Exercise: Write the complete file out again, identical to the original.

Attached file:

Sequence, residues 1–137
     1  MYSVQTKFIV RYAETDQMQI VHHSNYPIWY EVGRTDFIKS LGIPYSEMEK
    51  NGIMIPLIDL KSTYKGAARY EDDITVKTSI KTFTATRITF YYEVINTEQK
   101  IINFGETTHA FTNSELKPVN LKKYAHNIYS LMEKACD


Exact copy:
Sequence, residues 1–137
     1  MYSVQTKFIV RYAETDQMQI VHHSNYPIWY EVGRTDFIKS LGIPYSEMEK
    51  NGIMIPLIDL KSTYKGAARY EDDITVKTSI KTFTATRITF YYEVINTEQK
   101  IINFGETTHA FTNSELKPVN LKKYAHNIYS LMEKACD